Antibiotic de-escalation is not detrimental to clinical outcomes in patients with monomicrobial bacteremia due to Enterobacteriaceae, according to study
findings from Spain. Researchers said the findings “may be useful for antibiotic stewardship
“Patients with sepsis are frequently treated empirically with broad-spectrum drugs because the early administration of active drugs has been associated with improved outcome, particularly in the presence of septic shock. This can lead to overuse of these drugs, which is usually considered to be one of the contributing factors for the spread of multidrug-resistant bacteria,” Zaira R. Palacios-Baena, MD, PhD, ID specialist in the department of microbiology and preventive medicine at University Hospital Virgen Macarena in Seville, Spain, and colleagues wrote.
Although antimicrobial stewardship interventions include strategies for deescalation to narrower-spectrum drugs, the researchers said it is performed “less
frequently than desirable,” with prescriber uncertainty — perhaps due to a lack of evidence — being a main barrier. For their study, Palacios-Baena and colleagues conducted a post-hoc analysis of data from patients with bloodstream infections, which they said present “an ideal model for de-escalation, since etiology and
susceptibility are known, and a more specialized evaluation of patients is possible.”
“It is important to note that we only included non-neutropenic, adult patients with monomicrobial bacteremia due to Enterobacteriaceae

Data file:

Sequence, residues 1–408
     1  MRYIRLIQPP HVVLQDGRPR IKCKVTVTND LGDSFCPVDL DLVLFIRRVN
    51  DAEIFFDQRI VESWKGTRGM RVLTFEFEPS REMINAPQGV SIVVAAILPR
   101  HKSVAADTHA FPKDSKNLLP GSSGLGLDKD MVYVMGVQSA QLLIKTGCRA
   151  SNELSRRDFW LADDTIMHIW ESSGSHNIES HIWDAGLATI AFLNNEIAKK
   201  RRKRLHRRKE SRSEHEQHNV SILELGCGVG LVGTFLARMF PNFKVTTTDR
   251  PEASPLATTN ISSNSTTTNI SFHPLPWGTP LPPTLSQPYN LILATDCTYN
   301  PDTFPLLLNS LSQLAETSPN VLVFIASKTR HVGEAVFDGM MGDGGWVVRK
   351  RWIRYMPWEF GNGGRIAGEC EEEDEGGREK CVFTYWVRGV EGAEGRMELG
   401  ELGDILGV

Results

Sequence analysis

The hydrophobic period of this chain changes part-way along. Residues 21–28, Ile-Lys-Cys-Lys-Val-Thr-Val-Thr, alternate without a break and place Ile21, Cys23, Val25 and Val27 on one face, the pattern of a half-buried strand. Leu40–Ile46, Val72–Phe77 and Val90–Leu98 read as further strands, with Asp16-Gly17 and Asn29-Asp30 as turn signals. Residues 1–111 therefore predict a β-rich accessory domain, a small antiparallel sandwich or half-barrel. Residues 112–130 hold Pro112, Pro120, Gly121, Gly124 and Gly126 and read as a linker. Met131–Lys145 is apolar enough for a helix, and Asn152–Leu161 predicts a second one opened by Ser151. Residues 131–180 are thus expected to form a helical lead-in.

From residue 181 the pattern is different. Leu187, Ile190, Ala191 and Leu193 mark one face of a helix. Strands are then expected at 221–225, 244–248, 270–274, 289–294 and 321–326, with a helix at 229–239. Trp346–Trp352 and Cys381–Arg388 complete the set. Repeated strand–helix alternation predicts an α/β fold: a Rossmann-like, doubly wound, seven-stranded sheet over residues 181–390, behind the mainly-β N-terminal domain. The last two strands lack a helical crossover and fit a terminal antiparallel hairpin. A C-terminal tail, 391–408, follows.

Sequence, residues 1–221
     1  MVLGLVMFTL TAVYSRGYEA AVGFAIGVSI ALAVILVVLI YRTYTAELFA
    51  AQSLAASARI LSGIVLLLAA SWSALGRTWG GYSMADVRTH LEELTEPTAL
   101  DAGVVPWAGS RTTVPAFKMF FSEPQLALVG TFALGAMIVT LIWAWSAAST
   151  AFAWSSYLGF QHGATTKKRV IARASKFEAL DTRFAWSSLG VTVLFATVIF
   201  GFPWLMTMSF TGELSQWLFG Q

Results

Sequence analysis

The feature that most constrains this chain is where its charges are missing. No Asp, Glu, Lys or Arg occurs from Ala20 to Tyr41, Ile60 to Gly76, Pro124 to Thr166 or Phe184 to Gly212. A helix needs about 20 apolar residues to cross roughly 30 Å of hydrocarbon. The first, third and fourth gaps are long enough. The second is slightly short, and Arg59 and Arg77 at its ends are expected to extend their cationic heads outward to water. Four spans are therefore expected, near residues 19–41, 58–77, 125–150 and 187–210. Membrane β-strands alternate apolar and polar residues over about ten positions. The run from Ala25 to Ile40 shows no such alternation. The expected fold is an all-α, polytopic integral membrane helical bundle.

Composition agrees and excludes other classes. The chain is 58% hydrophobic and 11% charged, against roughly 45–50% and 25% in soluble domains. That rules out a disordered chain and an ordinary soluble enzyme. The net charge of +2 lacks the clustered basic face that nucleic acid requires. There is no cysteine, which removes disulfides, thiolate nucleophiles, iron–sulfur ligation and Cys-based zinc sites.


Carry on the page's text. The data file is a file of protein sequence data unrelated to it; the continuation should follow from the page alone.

who received early active empirical monotherapy with antipseudomonal betalactams or ertapenem,” they wrote. The original prospective, multicenter study was conducted between January 2011 and December 2013. Patients were initially treated with either ertapenem or antipseudomonal beta-lactams at 13 university hospitals in Spain. Palacios-Baena and colleagues analyzed factors associated with early de-escalation, the impact of early de-escalation and late de-escalation on 30-day all-cause mortality, failure at end of treatment and length of hospital stay.
The study included 516 patients, with early de-escalation performed for 46% (n =241), late de-escalation for 18% (n = 98) and no de-escalation for 35% (n = 180). Multidrug-resistant isolates (OR = 0.50; 95% CI, 0.30-0.83) and nosocomial infections empirically treated with imipenem or meropenem (OR = 0.35; 95% CI, 0.14-0.87) were each independently associated with a lower probability of early de-escalation, according to Palacios-Baena and colleagues. The researchers did not observe an increased risk for mortality associated with early de-escalation, after controlling for confounders. They reported that late deescalation also was not associated with mortality, and that de-escalation overall was not associated with clinical failure or length of hospital stay.
“The results of this study reinforce the fact that antibiotic de-escalation in patients with monomicrobial bacteremia due to Enterobacteriaceae does not have a detrimental impact on outcome, 30-day all-cause mortality, failure, or length of hospital stay when compared with continuation with broad-spectrum antibiotics,”
Palacios-Baena and colleagues wrote. – by Marley Ghizzone
Source: https://www.healio.com/infectious-disease/antimicrobials/news/, March 2019.